During a firefight, I panicked. The mortar barrage left me shaking in a bunker where a Green Beret found me and slapped me around. I got up and replaced one of our guys who had been hit. I was scared to death. After the firefight, we shot and killed six ARVN who had fought badly. Altogether, sixteen were eliminated. While we were waiting to be medevaced a child with a grenade approached the perimeter. He had to be taken out. I was the closest.

Things fell apart when I got back to Okinawa. I answered back to everyone who gave me an order. After I was punished, I kept my mouth shut. I wasn't surprised when, a few months later, President Diem was assassinated. I expected it. However, I didn't know the timing. My service records indicate none of this.

I am a college graduate. I don't know how I did it. Seventy percent of the time, I never opened the books. I just made it.

A number of years ago, I flipped out at work. I was labeled "crazy" by my boss. But the stress is better now. Because of nightmares, I gritted my teeth at night. As a result, I must have my jaw broken and reset. But before I do, my lower teeth must "grow" a little. To do this, I must wear a bite plate. I am now on my fifth. My dentist has never heard of this before.

My marriage feels empty in one respect. Whenever my wife or kids relive an event, I listen but can't feel their emotions. When my kids get hurt, I don't get upset. I take them to the doctor but I don't feel their hurt. My emotions are completely buried.

I don't have close friends. I don't want to get hurt. One day I discussed what happened in `Nam with my best friend of ten years. I haven't heard from him since.

I still suffer in silence. One of the fathers on my son's soccer team was a SEAL. One day, he talked to me about taking children suffering from Agent Orange, to the doctor. He didn't want to talk about Vietnam. He knew I understood. I went back to my car and cried. I didn't cry when my parents or my third daughter died.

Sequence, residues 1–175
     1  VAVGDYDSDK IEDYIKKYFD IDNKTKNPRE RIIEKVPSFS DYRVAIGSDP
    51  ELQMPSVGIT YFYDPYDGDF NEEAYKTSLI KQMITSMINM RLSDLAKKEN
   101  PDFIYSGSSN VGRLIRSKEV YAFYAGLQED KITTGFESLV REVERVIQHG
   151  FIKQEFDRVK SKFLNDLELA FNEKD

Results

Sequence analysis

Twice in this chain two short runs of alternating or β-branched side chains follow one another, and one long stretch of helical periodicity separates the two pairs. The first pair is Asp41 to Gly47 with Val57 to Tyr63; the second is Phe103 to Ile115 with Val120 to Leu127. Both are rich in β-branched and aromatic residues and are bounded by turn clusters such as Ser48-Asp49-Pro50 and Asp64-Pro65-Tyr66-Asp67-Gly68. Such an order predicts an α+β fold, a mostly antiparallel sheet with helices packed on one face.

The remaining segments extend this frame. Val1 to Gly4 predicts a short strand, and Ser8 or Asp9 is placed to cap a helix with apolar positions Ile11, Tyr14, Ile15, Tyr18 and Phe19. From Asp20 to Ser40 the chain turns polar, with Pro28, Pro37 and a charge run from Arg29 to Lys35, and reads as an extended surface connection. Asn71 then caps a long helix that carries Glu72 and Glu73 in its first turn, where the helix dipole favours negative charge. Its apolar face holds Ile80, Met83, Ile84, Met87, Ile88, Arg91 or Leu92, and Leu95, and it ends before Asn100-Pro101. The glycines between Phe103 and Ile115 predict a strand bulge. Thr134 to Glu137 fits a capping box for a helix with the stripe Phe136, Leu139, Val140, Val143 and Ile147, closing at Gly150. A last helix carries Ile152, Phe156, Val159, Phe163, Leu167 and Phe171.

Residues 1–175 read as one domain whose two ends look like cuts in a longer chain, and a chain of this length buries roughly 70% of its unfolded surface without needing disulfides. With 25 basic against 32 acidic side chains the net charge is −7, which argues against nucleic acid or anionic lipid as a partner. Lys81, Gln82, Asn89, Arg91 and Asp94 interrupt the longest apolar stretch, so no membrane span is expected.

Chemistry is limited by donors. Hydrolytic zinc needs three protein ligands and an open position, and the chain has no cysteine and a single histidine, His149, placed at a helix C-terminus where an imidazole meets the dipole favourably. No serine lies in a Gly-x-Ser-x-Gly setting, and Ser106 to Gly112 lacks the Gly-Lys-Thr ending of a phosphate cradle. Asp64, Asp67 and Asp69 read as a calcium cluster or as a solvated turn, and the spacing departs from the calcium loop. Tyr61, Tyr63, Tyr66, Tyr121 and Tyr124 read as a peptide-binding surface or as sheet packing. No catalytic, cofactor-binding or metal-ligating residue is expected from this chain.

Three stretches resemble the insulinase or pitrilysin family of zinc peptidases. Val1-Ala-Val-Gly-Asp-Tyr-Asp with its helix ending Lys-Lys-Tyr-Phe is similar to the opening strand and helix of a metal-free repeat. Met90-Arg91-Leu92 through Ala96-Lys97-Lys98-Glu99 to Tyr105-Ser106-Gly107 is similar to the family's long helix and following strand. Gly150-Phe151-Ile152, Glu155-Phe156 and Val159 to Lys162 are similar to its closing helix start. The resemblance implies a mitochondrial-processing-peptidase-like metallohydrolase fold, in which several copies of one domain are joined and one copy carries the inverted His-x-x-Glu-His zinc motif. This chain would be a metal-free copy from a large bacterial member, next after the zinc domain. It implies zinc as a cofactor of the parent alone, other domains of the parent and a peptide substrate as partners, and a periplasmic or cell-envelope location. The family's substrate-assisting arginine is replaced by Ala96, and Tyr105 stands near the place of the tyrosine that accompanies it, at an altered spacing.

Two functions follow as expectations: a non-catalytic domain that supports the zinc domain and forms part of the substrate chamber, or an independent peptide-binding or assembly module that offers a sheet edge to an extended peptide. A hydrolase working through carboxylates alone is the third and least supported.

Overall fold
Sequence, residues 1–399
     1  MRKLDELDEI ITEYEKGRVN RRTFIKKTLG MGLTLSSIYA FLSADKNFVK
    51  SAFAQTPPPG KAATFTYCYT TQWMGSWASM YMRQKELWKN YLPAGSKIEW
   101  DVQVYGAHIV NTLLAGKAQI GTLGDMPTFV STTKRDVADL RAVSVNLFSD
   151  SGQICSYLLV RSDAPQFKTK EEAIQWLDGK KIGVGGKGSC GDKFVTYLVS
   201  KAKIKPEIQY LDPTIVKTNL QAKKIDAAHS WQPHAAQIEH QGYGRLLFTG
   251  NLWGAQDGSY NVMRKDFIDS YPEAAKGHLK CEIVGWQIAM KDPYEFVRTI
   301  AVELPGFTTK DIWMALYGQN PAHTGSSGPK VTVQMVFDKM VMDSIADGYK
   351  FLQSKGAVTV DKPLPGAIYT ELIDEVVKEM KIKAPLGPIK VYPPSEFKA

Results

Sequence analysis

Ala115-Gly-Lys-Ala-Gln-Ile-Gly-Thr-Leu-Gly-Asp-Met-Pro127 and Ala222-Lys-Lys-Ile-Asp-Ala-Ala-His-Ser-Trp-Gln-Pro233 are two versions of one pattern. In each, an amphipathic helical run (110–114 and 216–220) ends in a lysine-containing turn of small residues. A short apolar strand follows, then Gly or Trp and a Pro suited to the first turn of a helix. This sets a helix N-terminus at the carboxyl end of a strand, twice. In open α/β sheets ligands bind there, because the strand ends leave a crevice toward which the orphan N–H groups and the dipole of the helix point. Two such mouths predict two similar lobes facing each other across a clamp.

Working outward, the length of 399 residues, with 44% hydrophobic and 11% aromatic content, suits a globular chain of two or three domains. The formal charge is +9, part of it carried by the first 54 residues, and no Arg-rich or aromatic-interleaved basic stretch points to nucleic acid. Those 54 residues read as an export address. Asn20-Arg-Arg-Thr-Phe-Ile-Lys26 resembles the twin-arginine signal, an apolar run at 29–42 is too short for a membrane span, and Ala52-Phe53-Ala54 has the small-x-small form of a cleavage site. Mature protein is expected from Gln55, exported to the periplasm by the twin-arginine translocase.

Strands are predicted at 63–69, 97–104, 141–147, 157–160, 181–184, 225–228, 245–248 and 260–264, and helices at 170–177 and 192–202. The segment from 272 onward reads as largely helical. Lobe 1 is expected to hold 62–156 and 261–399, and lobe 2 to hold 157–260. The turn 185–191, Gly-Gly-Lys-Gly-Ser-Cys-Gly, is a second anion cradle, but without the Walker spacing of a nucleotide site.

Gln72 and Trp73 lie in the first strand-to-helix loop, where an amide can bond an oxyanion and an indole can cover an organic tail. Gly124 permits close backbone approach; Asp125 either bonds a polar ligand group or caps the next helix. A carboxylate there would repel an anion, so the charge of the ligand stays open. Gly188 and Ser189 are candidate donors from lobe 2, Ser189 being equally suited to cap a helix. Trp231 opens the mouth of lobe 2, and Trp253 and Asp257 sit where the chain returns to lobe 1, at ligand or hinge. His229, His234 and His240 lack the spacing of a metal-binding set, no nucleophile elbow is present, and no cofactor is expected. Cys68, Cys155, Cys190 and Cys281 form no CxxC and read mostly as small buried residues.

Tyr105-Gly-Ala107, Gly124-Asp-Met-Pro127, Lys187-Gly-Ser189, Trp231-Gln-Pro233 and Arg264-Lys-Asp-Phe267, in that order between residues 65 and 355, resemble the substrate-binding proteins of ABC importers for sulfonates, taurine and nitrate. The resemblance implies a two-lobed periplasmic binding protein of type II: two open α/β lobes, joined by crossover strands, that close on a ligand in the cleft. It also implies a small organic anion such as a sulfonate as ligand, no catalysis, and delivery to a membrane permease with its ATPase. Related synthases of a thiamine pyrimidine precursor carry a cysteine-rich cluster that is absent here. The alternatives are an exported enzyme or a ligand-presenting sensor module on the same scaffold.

What does help are my VVA chapter and the Vet Center. I've been in two groups and in one-to-one for two years. I am now on maintenance. Unfortunately, I cannot eliminate the flashbacks and the nightmares nor the emotional effect.

--GI Joe, New Jersey

Dear Dave:

I too was involved in Phoenix. My basic job was that of builder on a five man "Civic Action Team": throughout most of I Corps. I was educated in a personal response course to understand the Vietnamese people, their customs, religions and the country, in general. My job, as I understood it, was to win the Vietnamese people over to our side by building various projects in and around villages and hamlets.

What my real position was (without my knowledge) to be the eyes and ears of the CIA/Marines. I was debriefed every night at the NCO Club by Marines who posed as friends. The nights I didn't go to the Club, they came to my hooch. In other words, I was taught to understand the people and offer them friendship. At the same time, many were being assassinated because I had mentioned them to the Marines who was sleeping or not working hard on the job. I was used by my government to betray people I respected and have since lost respect for myself.

I returned to the States to be put through the Berlitz language school and for SEAL training then went back for another thirteen month tour. I didn't know what Air America was. Some readers may be more familiar with Task Force 157 that went side by side with Operation Phoenix.